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Mark Moxon's Travel Writing

Senegal: Palmarin

A beached ship off Palmarin beach
The attractive wreck at Palmarin

As soon as we got back from exploring the delights of Fadiout, Jeremy, Sarah and I tried to track down transport to Palmarin, a pleasant-sounding spot down the coast that the Lonely Planet, bless its cotton socks, describes as 'superb'. After shitty accommodation, a squalid beach, awful humidity and an island made of shells that turned out to be little more than an island made of shells, our spirits needed lifting.

Jeremy and Sarah standing by the side of the road
Hitching is the only way to leave the metropolis of Palmarin in the off-season

The Beautiful Coast in Danger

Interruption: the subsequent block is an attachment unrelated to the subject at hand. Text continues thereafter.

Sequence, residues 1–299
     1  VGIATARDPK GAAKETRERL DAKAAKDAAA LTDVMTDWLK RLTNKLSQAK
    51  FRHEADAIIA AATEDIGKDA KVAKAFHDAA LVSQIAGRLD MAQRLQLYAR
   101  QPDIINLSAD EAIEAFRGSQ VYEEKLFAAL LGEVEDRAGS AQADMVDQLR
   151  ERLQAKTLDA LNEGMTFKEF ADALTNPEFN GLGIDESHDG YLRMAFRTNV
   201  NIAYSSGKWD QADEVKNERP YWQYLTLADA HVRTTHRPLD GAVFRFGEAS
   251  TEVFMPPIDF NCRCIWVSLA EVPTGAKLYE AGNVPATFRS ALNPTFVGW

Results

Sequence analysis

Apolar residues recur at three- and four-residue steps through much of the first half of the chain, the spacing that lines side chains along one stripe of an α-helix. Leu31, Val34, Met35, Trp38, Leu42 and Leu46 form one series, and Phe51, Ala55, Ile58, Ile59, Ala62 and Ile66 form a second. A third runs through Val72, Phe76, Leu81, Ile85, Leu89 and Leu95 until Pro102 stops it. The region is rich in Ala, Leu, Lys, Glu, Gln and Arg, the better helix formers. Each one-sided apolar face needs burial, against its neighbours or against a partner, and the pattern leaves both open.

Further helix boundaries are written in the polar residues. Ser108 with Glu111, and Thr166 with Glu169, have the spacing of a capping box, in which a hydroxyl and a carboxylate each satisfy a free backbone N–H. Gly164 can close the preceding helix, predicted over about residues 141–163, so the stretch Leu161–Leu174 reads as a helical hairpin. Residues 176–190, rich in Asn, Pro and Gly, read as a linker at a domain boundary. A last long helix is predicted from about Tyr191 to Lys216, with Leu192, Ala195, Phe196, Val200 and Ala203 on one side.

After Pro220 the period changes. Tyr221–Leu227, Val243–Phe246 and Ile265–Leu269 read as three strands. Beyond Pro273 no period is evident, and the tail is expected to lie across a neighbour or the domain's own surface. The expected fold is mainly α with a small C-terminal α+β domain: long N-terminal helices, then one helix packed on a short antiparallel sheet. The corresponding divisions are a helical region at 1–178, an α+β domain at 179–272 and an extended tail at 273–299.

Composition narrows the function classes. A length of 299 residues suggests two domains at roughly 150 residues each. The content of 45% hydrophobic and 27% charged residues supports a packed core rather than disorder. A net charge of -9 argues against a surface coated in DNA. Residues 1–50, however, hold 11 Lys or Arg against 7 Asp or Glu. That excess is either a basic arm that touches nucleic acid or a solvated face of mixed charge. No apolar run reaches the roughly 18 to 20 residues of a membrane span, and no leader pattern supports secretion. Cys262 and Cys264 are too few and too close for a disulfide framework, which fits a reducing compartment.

At breakfast the next morning – if one can call dry baguette, frozen butter and instant coffee 'breakfast' – I spotted a possible explanation on the wall for the dilapidated state of Palmarin. Instead of the normal posters depicting beautiful pirogue trips through luscious mangrove swamps or idyllic shots of beaches with clean, golden sands and stunning blue water, the campement's restaurant walls sported a hand-painted montage of three beach scenes, ominously entitled La Belle Côte en Danger, 1995-2000. The top scene, captioned with the year 1995, showed a nice little beach-hut complex, with tourists splashing around in the sea, lying on the beach reading, and generally having a good time; indeed, one guy looked like he was rolling a spliff, though this was possibly an indication of the artist's lack of hand-painting skills than a true representation of life in Palmarin, circa 1995. Even the fishing trawler was in one piece, though the fact it was in the picture at all implies it had run aground even before these halcyon days. Perhaps it doubled as an aquatic adventure playground back then; whatever, it looked like a positive addition to the scene, so rosy were the artist's coloured spectacles. One could almost call it superbe, or at a pinch, magnifique.